Marcedes Lewis Won’t Repeat 2018

Once again a close eye will be kept on Green Bay’s tight ends come training camp. Jimmy Graham’s cap hit leads the NFL for the 2019 season at $12.6 million. Coming off the year he just had, the 32-year-old tight end will have to pull off something miraculous to justify a larger cap hit than say a Travis Kelce or Greg Olsen. Graham faced a lot of scrutiny for his play in 2018. Frankly, he didn’t move very well and became quite insufficient when he broke his thumb in week 11. Graham is an easy target, however, the same can’t be said for the eldest Green Bay tight end, Marcedes Lewis. Lewis just recently turned 35 but should honestly feel pretty fresh having seen very little action last season. This begs an important question, does he have another year left in him?

Lewis was always a solid player throughout his first 12 seasons but this last season with the Packers was an anomaly. Three receptions for 39 yards were career-lows by a mile. Actually, you will find it difficult to judge Lewis’ play because he was used so sparingly. He averaged about 16 snaps per game in 2018, including special teams. Honestly, there were times you probably forgot Lewis was even on the team.

Was he old or did he just not fit Mike McCarthy’s offense? If age was the biggest factor then it is questionable how he even made the team in the first place.

Sure, Lewis was never Antonio Gates but he also wasn’t a scrub. There were times throughout his career the former Pro-Bowler was one of the best run-blocking tight ends in football. Yet somehow he took fewer snaps as a run-blocker than Graham who is notorious for not being a polished blocker in any fashion. This indicates he was misused and 2018 was not a fair shake.

The Packers resigned Lewis in March so he will have a good shot to rebound from a head scratching year. Matt LaFleur has likely seen a lot of tape from previous seasons which will paint a better picture of what to expect from the veteran.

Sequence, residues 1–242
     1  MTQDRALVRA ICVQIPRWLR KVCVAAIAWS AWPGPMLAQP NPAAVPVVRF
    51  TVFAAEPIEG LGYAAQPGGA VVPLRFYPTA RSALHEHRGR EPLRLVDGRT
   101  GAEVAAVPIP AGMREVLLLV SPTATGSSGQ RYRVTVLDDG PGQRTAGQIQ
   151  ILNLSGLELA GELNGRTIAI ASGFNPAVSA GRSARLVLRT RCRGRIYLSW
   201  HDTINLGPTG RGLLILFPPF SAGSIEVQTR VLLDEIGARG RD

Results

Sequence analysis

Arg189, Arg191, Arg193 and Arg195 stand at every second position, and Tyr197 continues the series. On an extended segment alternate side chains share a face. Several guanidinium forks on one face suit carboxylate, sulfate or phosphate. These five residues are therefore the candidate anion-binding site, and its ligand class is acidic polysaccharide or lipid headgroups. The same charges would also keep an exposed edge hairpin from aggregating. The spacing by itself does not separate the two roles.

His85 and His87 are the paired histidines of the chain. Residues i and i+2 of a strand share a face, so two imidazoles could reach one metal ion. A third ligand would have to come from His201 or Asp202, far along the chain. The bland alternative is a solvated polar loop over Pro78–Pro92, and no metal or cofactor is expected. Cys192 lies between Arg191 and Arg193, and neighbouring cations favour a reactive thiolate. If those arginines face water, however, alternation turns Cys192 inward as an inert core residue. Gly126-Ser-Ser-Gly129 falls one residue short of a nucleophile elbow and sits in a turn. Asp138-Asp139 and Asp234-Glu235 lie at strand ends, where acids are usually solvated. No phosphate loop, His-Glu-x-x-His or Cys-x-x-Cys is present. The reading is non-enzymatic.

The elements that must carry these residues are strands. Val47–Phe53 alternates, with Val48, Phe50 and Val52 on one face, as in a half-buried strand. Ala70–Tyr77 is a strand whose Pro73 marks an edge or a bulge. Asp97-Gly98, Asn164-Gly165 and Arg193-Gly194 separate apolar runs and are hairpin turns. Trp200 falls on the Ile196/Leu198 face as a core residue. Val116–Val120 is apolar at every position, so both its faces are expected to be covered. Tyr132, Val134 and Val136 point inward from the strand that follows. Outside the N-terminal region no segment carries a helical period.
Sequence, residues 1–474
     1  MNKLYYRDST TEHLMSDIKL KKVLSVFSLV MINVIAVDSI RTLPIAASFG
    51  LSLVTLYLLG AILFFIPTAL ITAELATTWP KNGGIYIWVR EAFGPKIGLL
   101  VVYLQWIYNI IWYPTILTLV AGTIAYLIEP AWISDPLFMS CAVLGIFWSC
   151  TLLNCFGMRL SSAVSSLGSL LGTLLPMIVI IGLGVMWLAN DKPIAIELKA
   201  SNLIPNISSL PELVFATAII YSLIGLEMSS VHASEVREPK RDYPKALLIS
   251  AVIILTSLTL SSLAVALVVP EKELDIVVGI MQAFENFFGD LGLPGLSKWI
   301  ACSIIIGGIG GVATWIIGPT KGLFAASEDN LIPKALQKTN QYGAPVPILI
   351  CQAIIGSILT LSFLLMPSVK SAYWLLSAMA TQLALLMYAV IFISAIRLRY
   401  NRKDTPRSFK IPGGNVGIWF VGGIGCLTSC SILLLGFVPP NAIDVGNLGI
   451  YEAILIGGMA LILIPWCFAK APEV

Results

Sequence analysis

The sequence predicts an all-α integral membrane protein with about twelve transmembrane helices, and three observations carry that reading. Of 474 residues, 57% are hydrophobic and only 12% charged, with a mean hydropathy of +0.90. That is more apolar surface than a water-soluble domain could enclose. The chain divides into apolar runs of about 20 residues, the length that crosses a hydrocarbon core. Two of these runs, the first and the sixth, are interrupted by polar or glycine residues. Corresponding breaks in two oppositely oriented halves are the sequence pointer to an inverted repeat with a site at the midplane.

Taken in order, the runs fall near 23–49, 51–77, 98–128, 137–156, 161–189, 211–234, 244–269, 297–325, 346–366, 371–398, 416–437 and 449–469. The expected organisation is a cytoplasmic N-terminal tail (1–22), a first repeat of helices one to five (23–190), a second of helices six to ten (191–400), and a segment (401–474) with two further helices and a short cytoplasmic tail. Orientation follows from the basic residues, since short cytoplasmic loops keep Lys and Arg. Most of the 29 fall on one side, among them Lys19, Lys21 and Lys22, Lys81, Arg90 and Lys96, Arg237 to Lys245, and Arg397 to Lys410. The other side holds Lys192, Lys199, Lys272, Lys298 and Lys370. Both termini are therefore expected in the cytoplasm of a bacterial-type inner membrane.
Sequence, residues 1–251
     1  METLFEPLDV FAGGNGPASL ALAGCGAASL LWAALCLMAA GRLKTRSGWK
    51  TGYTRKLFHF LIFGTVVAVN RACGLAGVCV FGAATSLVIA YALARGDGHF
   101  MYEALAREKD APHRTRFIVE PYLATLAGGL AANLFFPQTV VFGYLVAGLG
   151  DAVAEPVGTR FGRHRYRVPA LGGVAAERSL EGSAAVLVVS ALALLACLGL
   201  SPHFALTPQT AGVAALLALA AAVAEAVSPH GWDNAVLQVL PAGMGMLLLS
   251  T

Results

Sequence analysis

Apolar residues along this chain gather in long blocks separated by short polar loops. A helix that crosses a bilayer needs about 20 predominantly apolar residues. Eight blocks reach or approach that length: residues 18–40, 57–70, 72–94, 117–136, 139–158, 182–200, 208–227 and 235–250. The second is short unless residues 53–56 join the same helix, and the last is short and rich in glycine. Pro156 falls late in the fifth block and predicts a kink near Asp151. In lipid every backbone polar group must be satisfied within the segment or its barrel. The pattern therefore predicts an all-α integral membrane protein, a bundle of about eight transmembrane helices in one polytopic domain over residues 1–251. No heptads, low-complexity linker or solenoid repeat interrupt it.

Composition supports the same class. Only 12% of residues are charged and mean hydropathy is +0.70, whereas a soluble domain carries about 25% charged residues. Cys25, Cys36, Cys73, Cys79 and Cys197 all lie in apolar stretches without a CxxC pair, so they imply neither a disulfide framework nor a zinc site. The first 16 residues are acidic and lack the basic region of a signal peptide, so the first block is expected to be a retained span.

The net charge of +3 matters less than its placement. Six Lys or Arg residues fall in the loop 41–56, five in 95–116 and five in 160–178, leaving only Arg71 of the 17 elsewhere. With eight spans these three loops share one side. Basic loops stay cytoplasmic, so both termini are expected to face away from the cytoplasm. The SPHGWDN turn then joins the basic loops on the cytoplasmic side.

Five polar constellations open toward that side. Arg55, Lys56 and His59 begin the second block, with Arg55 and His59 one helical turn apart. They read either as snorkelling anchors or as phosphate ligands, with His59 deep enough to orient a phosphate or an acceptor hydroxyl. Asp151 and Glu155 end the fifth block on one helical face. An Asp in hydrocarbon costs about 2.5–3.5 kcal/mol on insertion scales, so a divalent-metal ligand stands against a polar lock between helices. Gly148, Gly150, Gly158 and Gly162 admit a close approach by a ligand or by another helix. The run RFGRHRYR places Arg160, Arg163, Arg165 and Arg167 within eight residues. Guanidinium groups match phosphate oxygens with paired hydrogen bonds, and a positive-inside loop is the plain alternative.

Green Bay did draft a tight end in the third-round in Jace Sternberger. If Graham and Sternberger are locks then that would mean Lewis would need to beat out Robert Tonyan for the final tight end spot which is more than feasible. It is also possible they keep as many as four tight ends, increasing his odds.

If Lewis does make the 2019 roster, you can safely expect more productivity. LaFleur’s coaching tree suggests he will utilize tight ends more than what Packers fans are used to. Well, at least more than McCarthy. Honestly, Lewis would probably retire before a repeat of the 2018 season.

There’s no disputing his best years are behind him but he can still be a solid contributor by helping Green Bay get back to the playoffs. 2019 is one final shot at redemption for Lewis.

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Brandon Carwile was a Cheesehead at birth. His dad grew up attending games at Lambeau and passed on the legacy. He has covered the Packers for over five years and currently works with packerstalk.com. Find him on twitter at @PackerScribe.

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16 thoughts on “Marcedes Lewis Won’t Repeat 2018

  1. How big is the cap hit if we release Graham? Frankly, I don’t see him being $10 million better than Tonyan.

    Lewis actually didn’t grade out that well when blocking last year, or so I’ve heard in a couple podcasts.

    Here’s a thought: Cut both, go young, and save big money rolled forward to help re-sign players next year.

    1. Graham’s paycheck is ridiculous, I agree, but I also don’t want Sternberger coming in to a position group where Tonyan is the vet. I like the idea of having at least Graham or Lewis there to mentor him. They should probably cut one loose before the start of the season.

    2. Why would you cut both and leave two guys who have not had a lot of experience. The cap hit is for this year, so it would save nothing for next year. If they were to cut Graham at the end of this year, I’m sure there would still be a cap hit for 2020. I think it was a bad signing to begin with.

      Maybe Lewis can teach Tonyan and Sternberger a few things, but I think he will be done after this year IF he makes the team.

      I hope Sternberger will be a contributor this year and learn a lot.

      1. “The cap hit is for this year, so it would save nothing for next year.”

        Completely false. Money saved in one year rolls over to the next.

        In the future, learn the topic before commenting.

        1. It’s not money saved moron. If Graham is cut he still has to get paid and that is what is called a cap hit.

          Learn what a cap hit is before making foolish comments.

          1. Obviously. His guaranteed money accelerates into the current cap. The rest is savings–and that savings would be substantial. We’d save several million this year, and everything next–lots of savings.